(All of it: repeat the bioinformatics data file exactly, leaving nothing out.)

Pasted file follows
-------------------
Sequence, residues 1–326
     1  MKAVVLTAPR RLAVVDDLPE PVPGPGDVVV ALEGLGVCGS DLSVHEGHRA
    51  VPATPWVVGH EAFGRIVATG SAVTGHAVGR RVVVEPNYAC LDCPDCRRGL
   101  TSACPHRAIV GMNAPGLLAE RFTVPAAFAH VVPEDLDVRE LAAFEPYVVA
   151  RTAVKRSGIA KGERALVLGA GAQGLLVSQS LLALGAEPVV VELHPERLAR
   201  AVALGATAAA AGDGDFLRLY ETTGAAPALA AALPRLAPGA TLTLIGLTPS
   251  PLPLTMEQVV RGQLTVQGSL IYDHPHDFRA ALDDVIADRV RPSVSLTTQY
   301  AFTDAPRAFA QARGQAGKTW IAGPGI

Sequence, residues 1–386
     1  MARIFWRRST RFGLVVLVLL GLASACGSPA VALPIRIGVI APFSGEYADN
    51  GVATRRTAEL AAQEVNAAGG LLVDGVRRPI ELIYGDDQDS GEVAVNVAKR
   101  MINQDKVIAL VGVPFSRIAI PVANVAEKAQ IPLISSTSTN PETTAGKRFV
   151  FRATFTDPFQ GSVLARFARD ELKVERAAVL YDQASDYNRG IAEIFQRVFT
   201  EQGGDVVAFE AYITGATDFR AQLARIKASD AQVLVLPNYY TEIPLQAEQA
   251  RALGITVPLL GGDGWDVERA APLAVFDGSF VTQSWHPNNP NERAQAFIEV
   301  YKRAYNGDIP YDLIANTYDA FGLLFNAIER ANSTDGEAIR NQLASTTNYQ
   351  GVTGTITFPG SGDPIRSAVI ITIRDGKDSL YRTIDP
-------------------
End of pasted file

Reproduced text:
Sequence, residues 1–326
     1  MKAVVLTAPR RLAVVDDLPE PVPGPGDVVV ALEGLGVCGS DLSVHEGHRA
    51  VPATPWVVGH EAFGRIVATG SAVTGHAVGR RVVVEPNYAC LDCPDCRRGL
   101  TSACPHRAIV GMNAPGLLAE RFTVPAAFAH VVPEDLDVRE LAAFEPYVVA
   151  RTAVKRSGIA KGERALVLGA GAQGLLVSQS LLALGAEPVV VELHPERLAR
   201  AVALGATAAA AGDGDFLRLY ETTGAAPALA AALPRLAPGA TLTLIGLTPS
   251  PLPLTMEQVV RGQLTVQGSL IYDHPHDFRA ALDDVIADRV RPSVSLTTQY
   301  AFTDAPRAFA QARGQAGKTW IAGPGI

Sequence, residues 1–386
     1  MARIFWRRST RFGLVVLVLL GLASACGSPA VALPIRIGVI APFSGEYADN
    51  GVATRRTAEL AAQEVNAAGG LLVDGVRRPI ELIYGDDQDS GEVAVNVAKR
   101  MINQDKVIAL VGVPFSRIAI PVANVAEKAQ IPLISSTSTN PETTAGKRFV
   151  FRATFTDPFQ GSVLARFARD ELKVERAAVL YDQASDYNRG IAEIFQRVFT
   201  EQGGDVVAFE AYITGATDFR AQLARIKASD AQVLVLPNYY TEIPLQAEQA
   251  RALGITVPLL GGDGWDVERA APLAVFDGSF VTQSWHPNNP NERAQAFIEV
   301  YKRAYNGDIP YDLIANTYDA FGLLFNAIER ANSTDGEAIR NQLASTTNYQ
   351  GVTGTITFPG SGDPIRSAVI ITIRDGKDSL YRTIDP